March 1, 2017
The 2,000 undersigned national, state, and local organizations urge you to help ensure adequate funding for programs funded through annual appropriations, by continuing the bipartisan practice of providing relief from sequestration budget cuts and opposing any new efforts to cut these programs more deeply. These "nondefense discretionary" (NDD) programs serve many vital national needs but have been subject to repeated cuts over the past six years, including through the appropriations caps and sequestration process established by the 2011 Budget Control Act. Full sequestration returns in fiscal year (FY) 2018, when the two-year relief provided by the Bipartisan Budget Act of 2015 expires. Congress should avoid making further reductions in these programs and work to replace the scheduled sequestration cuts through a package that is balanced—both in how such relief is paid for and how it is applied to defense and NDD programs. In doing so, we ask that you consider the following:
1. NDD programs are essential to national security. The fundamental job of the federal government is to secure the safety of its citizens at home and abroad. But America’s day-to-day security requires more than military might. NDD programs support our economy, drive our global competitiveness, and help Americans lead healthy, productive lives. Both the Budget Control Act and the Bipartisan Budget Acts of 2013 and 2015 recognized that defense and nondefense programs both contribute to the American way of life and to our security. In FY 2018, lawmakers should continue to adhere to this “parity principle” in fiscal policies, including a sequestration relief package.
2. NDD programs have already been cut too much. Despite the vast array of important, effective services provided through these programs—infrastructure and housing, veterans services, education and job training, National Parks, medical and scientific research, and public health, safety and security, to give just some examples—overall NDD appropriations have been cut dramatically and disproportionately in recent years as lawmakers work to reduce the deficit, even though experts across the political spectrum agree these programs aren’t a driving factor behind our nation’s mid- and long-term fiscal challenges. As a result of sequestration and other austerity measures enacted beginning in 2011, the cap on NDD funding in FY 2017 is 13.4 percent below 2010 levels, adjusted for inflation. Without action to stop sequestration, in FY 2018 NDD programs are projected to decline to 3.1 percent of GDP—equal to the lowest level in more than 50 years.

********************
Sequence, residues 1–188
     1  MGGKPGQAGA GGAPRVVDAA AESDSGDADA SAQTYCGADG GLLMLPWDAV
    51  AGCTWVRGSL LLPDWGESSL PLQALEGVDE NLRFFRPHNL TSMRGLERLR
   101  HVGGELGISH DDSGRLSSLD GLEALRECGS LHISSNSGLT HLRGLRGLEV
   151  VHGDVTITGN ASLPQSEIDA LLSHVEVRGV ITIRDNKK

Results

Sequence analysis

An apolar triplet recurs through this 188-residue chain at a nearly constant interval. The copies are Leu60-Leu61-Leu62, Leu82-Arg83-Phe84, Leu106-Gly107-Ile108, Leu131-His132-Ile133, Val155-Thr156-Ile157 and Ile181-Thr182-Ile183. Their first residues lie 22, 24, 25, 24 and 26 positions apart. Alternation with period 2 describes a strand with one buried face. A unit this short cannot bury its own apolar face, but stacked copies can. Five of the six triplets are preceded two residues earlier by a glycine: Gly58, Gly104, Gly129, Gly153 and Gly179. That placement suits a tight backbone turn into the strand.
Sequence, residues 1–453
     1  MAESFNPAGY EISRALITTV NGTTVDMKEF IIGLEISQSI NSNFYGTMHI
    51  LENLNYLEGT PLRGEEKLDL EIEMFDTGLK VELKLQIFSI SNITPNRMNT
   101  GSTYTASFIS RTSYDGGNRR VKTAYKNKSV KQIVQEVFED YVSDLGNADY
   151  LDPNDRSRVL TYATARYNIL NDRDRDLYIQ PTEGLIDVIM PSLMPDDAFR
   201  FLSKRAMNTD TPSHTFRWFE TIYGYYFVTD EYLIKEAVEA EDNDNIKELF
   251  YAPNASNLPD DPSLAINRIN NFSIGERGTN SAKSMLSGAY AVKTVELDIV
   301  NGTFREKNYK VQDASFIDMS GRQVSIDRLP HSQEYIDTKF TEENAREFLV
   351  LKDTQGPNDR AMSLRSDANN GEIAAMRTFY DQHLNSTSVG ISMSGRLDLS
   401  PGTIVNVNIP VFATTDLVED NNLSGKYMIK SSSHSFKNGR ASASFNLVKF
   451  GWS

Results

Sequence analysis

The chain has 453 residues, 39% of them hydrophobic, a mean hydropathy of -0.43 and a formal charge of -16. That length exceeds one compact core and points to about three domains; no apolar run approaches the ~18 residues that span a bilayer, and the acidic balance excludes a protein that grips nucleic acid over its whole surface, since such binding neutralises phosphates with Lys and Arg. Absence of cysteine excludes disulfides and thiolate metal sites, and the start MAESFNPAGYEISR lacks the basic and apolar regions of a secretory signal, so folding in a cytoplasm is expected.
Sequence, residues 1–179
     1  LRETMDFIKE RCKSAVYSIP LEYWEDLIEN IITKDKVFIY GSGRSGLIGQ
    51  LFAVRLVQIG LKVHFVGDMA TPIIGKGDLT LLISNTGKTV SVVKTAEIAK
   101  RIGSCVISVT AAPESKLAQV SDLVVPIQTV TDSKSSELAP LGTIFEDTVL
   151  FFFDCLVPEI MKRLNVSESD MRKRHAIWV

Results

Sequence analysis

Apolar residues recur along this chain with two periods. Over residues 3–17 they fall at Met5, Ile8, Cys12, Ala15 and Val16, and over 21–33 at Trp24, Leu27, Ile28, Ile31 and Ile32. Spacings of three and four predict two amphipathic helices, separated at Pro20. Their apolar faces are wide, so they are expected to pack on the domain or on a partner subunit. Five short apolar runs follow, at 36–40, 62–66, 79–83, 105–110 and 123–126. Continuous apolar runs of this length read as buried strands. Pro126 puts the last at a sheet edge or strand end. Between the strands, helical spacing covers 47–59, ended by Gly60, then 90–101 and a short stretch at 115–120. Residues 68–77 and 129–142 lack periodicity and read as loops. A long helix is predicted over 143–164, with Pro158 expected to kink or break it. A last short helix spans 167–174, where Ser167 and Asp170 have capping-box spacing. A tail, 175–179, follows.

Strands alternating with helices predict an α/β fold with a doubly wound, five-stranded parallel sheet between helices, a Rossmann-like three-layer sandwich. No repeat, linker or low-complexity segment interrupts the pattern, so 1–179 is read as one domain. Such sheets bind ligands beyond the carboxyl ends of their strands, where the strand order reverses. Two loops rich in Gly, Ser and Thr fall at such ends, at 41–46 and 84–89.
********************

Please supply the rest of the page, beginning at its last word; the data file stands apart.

3. NDD cuts have consequences. As illustrated in NDD United’s impact report, Faces of Austerity, and other accounts from across the NDD sectors, Americans are feeling the negative effects of the Budget Control Act’s austere spending caps and sequestration. These cuts are dragging down our economic recovery, hampering business growth and development, weakening public health preparedness and response, reducing resources for our nation’s schools and colleges, compromising federal oversight and fraud recovery, hindering scientific discovery, eroding our infrastructure, and threatening our ability to address emergencies around the world. Simply put, these cuts are bad for the country and are not sustainable.
Deficit reduction measures enacted since 2010 have come overwhelmingly from spending cuts, with the ratio of spending cuts to revenue increases far beyond those recommended by bipartisan groups of experts. And there is bipartisan agreement that sequestration is bad policy and ultimately hurts our nation. Congress and the President must work together to protect NDD programs from further cuts and end sequestration. Such sequestration relief must be equally balanced between nondefense and defense programs, as strong investments in both NDD and defense are necessary to keep our country competitive, safe, and secure. We appreciate your consideration of this recommendation, and are eager to work with you to help produce another bipartisan budget agreement to protect critical nondefense discretionary program.